Daily Telescope: Spying a double cluster of supergiant stars

Enlarge / A view of the double cluster in Perseus.

Markus Noga

Welcome to the Daily Telescope. There is a little too much darkness in this world and not enough light, a little too much pseudoscience and not enough science. We’ll let other publications offer you a daily horoscope. At Ars Technica, we’re going to take a different route, finding inspiration from very real images of a universe that is filled with stars and wonder.

Good morning. It’s November 20, and today’s photo showcases a double cluster of stars in the constellation Perseus.

These two clusters are quite close to one another, within a few hundred light-years. However, they lie much farther from Earth—each about 7,500 light-years away—so the stars must be very bright for us to be able to see them. And indeed they are, as the clusters are made up primarily of young, very hot supergiant stars.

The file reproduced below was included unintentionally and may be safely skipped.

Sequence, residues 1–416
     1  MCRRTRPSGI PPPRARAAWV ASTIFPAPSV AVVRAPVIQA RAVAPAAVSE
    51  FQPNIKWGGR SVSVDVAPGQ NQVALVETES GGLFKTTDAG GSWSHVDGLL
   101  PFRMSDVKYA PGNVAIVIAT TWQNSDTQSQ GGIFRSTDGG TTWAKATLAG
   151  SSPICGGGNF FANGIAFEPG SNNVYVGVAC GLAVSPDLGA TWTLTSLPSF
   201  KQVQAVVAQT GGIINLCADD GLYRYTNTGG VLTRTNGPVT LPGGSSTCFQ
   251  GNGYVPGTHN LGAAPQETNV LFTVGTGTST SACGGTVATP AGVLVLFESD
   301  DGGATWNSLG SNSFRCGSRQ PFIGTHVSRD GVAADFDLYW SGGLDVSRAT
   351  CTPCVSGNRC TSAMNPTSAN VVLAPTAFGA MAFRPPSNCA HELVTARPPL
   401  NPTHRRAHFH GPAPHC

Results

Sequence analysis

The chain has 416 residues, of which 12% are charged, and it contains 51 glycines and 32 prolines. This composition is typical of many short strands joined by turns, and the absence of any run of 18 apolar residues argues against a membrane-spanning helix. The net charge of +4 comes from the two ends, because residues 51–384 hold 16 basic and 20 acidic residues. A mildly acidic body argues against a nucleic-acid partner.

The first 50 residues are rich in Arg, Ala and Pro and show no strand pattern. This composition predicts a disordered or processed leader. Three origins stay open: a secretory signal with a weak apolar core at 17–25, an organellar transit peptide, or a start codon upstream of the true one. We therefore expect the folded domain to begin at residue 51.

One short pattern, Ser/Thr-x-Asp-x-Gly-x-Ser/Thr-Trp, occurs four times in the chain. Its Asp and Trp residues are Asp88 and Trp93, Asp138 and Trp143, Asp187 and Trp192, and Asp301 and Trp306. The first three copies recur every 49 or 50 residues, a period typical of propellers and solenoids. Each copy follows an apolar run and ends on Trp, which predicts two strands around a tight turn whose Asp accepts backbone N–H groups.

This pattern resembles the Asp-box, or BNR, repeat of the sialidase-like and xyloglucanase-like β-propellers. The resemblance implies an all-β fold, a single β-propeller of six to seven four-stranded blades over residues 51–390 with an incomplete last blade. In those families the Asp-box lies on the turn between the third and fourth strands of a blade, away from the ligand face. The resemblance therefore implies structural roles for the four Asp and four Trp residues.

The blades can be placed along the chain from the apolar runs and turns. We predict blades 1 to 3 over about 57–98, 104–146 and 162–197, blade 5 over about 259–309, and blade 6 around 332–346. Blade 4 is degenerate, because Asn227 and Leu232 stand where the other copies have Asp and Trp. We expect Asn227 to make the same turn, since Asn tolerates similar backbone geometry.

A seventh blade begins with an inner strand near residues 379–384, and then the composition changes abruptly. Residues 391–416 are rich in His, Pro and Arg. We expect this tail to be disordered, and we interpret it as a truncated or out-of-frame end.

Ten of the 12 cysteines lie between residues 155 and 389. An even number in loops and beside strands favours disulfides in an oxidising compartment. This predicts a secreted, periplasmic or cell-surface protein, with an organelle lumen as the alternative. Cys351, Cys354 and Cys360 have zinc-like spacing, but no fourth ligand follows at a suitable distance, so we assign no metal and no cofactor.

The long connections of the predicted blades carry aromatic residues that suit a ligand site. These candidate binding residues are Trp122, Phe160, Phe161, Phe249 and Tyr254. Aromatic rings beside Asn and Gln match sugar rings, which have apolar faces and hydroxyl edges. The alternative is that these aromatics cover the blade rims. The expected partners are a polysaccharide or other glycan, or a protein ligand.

You can see these clusters with the naked eye from a very dark area, but most of us are probably going to at least want a good pair of binoculars to spy them out. EarthSky has a helpful guide for finding them in the night sky.

This photograph was taken by Markus Noga with a 4-inch (100 mm) refractor telescope. “This image was taken from my backyard near Heidelberg, Germany, this year,” he told me. “We had a lovely string of clear nights in late September and early October. Now that I have purchased additional astro gear, we are of course in for protracted rains.”

We hope the skies clear up for you soon, Markus.

Source: Markus Noga.

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